Today few balletomanes will recall the name of Nina Tikhonova, but as recently as 1992 her memoirs were published in Moscow under the title Ballets Russes: the girl in blue. In her day she was an alluring dancer and, fortunately for my story, Irina Baronova knew her when she lived in Paris during the Sixties. They were active together in raising funds to succour their beloved teacher Olga Preobrajenska during her last years.
Born in St Petersburg in 1910, of a family that moved in literary and artistic circles, Tikhonova came early into contact with such eminent artists as Maxim Gorky and Fyodor Chaliapin. Her beautiful mother Varvara Vassilievna Zubkova married first Anatole Tchaikevitch, who hailed from a well-to-do Kiev family, and secondly Alexander Tikhonov, a writer closely associated with Gorky in publishing a literary magazine, Letter-piece. Varvara Vassilievna became the mistress of Gorky, and her second marriage broke up, but despite this Tchaikevitch always kept in touch with her and their children. During the troubles of 1917 the family was dispersed and the children of both marriages lived with the grandmother in Ekaterinburg, later returning to Petrograd.
In 1921 Nina, aged 11, with her elder stepbrother Andre Tchaikevitch, left Petrograd and made her way to Berlin where she commenced ballet studies. Journeying on to Paris with her brother and grandmother Nina set her course on a ballet career, taking lessons with Olga Preobrajenska, Nicolai Legat and Lubov Egorova.
Tikhonova moved in exclusive circles, the Tchaikevitch family having kept a salon in Paris, but ballet became the raison d'etre of her life. She thrived on the classes of Legat. During the late Twenties and throughout the Thirties she blossomed as a danseuse of great beauty and charm, making her debut with the Theatre Romantique Russe of Ida Rubinstein. They gave performances at the Paris Opera and toured in France and Germany. With this company Tikhonova danced in ballets choreographed by Rubinstein, Fokine, and Bronislava Nijinska. The repertoire was made up of avant-garde works using the music of Bach, Ravel, Poulenc and Stravinsky, but she found time to dance her first Swan Lake in Brussels with Vera Nemchinova and Anton Dolin in the leading roles.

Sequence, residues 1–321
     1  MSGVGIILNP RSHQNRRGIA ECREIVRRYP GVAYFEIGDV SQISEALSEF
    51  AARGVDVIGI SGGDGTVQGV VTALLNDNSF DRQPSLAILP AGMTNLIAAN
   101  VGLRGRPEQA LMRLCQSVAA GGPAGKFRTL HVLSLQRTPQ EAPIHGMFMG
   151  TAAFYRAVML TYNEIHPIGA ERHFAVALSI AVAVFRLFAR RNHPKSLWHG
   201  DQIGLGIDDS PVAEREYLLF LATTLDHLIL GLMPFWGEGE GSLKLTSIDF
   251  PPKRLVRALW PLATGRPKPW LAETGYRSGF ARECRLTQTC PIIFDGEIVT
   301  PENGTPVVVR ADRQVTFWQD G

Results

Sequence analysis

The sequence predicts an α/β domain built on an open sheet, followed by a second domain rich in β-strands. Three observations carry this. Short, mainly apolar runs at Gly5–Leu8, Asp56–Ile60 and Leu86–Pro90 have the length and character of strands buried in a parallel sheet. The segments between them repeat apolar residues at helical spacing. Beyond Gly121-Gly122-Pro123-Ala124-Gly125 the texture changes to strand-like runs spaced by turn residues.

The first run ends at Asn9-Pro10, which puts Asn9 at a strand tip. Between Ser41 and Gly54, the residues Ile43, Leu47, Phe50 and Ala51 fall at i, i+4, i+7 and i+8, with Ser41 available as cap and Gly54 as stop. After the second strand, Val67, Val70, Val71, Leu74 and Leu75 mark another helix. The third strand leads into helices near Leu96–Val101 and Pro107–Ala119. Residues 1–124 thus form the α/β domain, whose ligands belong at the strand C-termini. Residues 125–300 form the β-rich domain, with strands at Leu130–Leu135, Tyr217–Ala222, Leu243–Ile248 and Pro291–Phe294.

In July 1931 Tikhonova appeared with the Ida Rubinstein Company at Covent Garden when she danced the leading role of Alcine in a new version of Leonide Massine's ballet arranged to the music of Georges Auric. Tikhonova relates how successful the season was, quoting the correspondent from Le Figaro writing in the Morning Post, "a triumph", and pressing for a return visit.
Tikhonova possessed a brilliant fluid technique with a precise yet effortless flow of movement. Her refinement and artistry endeared her to Nijinska, whose favourite dancer she became. Nijinska promoted her to danseuse etoile in her own company, Ballet Russe de Nijinska. With this company she toured extensively in Italy and South America. Tikhonova thrived on being a tourist. In Sorrento she met up with Maxim Gorky, who drove her to Naples, and together they visited Pompeii and Capri. Afterwards Tikhonova was guilt-stricken that she had not delivered to him a letter from her mother.
From 1942 to 1944 she was premiere danseuse of the Nouveau Ballet de Monte Carlo, thus escaping some of the harshness of the Nazi occupation. After retiring from the stage she opened her own school of ballet in Paris at the Conservatoire Russe on the Quai de New York. She taught and choreographed throughout the Sixties. Dedicated to her art, she never married, but lived all her life with her stepbrother Andre.
In 1971 Tikhonova visited her native Russia which she had left 50 years before. It was a great emotional experience for her to see again the mouldering yet beautiful city of Leningrad which she had left as a child. She records in her book how she stood on a bridge beside the Moika canal and mused about her childhood: "Some remarkable figure illumined my childhood, and followed my fate. It gave me everything that was good in my life, teaching me early to discern what was bad."
During her stay she visited the Vaganova Choreographic Academy and was befriended by the artistic director Konstantin Sergeyev. She watched the class of Natalia Dudinskaya and was torn by nostalgia for a life that was snatched from her grasp. It inspiredher to write a book of reminiscences which was published in Russia when she was 81.
John GregoryReuse content